Electronic Markets Win Out Over Traditional Dealing
Trading through dealers on the London Stock Exchange could be obsolete in less than three years, according to new research funded by the Economic and Social Research Council.
A study led by Dr Nir Vulkan of the Saïd Business School and Worcester College, University of Oxford, investigated where traders would trade if they have the choice of either a dealers’ market or a computerised system. “Our study suggests that in a just a few years’ time the traditional dealing market on the London Stock Exchange will become obsolete unless steps are taken to make it more attractive,” states Dr Vulkan.
This finding results from a study designed to understand why buyers and sellers participate in electronic markets for trading goods and services, and the consequences of these decisions for the efficiency of electronic markets. “Our research was motivated by advances in information technology (e.g. Electronic Data Interchanges, B2B exchanges and Electronic Communication Networks) which mean buyers and sellers now have a real choice of where to trade for raw materials, office supplies and related services and for buying and selling stocks, bonds and future contracts, “ he explains.
Researchers looked at data collected from the London Stock Exchange (LSE). In October 1997, the LSE introduced an automated Stock Exchange Electronic Trading Service (SETS), to complement the existing quote-driven dealership market, (Stock Exchange Automated Quotation system or SEAQ) where trade is based around direct negotiation between the trader and market maker. SETS is an order-driven trading mechanism, established to lower trading costs and increase trade volumes.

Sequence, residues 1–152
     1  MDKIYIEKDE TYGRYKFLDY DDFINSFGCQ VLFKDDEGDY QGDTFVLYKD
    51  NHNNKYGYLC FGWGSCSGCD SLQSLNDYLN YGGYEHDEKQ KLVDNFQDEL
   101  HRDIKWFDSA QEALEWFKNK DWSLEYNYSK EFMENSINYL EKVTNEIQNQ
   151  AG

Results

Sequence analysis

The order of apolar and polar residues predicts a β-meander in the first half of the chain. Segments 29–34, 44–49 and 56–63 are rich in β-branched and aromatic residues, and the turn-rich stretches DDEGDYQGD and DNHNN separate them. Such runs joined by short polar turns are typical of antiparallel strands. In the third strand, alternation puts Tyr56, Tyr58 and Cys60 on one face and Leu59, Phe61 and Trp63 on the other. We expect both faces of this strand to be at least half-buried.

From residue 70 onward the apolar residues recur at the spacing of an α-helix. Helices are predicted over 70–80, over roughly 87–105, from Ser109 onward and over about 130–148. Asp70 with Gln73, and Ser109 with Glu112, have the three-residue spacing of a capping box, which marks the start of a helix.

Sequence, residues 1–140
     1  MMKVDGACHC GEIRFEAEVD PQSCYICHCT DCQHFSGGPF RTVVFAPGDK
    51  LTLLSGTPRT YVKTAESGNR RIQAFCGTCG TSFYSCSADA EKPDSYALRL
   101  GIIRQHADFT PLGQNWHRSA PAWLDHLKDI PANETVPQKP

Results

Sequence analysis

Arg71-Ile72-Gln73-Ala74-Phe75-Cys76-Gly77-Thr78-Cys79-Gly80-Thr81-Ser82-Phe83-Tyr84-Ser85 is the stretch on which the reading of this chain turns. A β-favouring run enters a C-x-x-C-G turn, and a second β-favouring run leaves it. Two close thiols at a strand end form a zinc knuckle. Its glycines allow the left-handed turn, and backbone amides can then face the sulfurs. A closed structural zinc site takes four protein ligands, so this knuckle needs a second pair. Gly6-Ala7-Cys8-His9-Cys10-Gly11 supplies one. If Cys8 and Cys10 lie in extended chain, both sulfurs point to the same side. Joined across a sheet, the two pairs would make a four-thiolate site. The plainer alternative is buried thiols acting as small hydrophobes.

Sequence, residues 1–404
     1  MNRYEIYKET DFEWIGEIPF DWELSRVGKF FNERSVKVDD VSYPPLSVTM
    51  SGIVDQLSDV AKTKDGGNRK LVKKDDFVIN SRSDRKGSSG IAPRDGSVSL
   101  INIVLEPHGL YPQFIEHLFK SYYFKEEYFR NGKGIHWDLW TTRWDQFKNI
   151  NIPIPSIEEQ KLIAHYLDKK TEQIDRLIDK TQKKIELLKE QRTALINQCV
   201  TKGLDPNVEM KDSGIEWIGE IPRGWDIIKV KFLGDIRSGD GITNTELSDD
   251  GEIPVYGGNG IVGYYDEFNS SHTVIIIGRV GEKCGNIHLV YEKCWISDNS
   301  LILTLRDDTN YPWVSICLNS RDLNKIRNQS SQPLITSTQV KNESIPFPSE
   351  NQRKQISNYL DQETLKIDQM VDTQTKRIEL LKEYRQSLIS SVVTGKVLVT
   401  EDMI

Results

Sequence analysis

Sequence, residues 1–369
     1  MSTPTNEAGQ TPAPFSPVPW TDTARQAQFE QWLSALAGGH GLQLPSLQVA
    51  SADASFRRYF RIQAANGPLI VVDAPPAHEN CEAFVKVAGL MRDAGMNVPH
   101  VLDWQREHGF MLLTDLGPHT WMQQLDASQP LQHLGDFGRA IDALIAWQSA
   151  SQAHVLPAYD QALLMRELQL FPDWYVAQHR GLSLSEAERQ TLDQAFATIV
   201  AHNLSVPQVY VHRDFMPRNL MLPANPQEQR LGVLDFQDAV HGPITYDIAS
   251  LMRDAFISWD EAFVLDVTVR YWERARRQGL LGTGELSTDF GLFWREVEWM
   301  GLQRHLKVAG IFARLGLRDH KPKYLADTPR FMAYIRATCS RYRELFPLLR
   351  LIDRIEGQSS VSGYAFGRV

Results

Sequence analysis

Exploration of this data from the LSE confirms the research team’s earlier theoretical hypothesis: that ‘weak’ traders (e.g. sellers selling only a small number of shares) are attracted to the anonymous electronic marketplace, and furthermore, once ‘weak’ traders have moved to the electronic market, then the remaining ‘weakest’ traders (who where not particularly ‘weak’ before) will now be disadvantaged from trading in the dealer’s market and will switch to trading in the electronic marketplace. The theory concludes that in the absence of additional incentives this process will continue until, finally, all traders have moved to the electronic market.
Ultimately, he believes, this unravelling process will lead to the growth of the automated SETS mechanism at the expense of traditional dealer markets. Moreover, this finding is likely to hold true not only for other financial markets (including bonds) but commodity markets such as steel. “This process is already at work in the bond market where the computerised market for trading bonds is growing rapidly,” he suggests. Moreover, on the consumer side, a recent study of transaction prices for new cars purchased online and offline concludes that the Internet is disproportionately beneficial to those who have personal characteristics that put them at a disadvantage in negotiations i.e. those who correspond to the ‘weak’ traders type.
“The one barrier to the unravelling process predicted by the theory is any step that would make the dealer market more attractive,” suggests Dr Vulkan. “For example, low commissions offered in the dealers market will increase the attractiveness of this form of trading. And evidence suggests that the flexibility of these commissions will ensure that large trade continues to take place in SEAQ because large traders are able to negotiate soft commissions,” he concludes.
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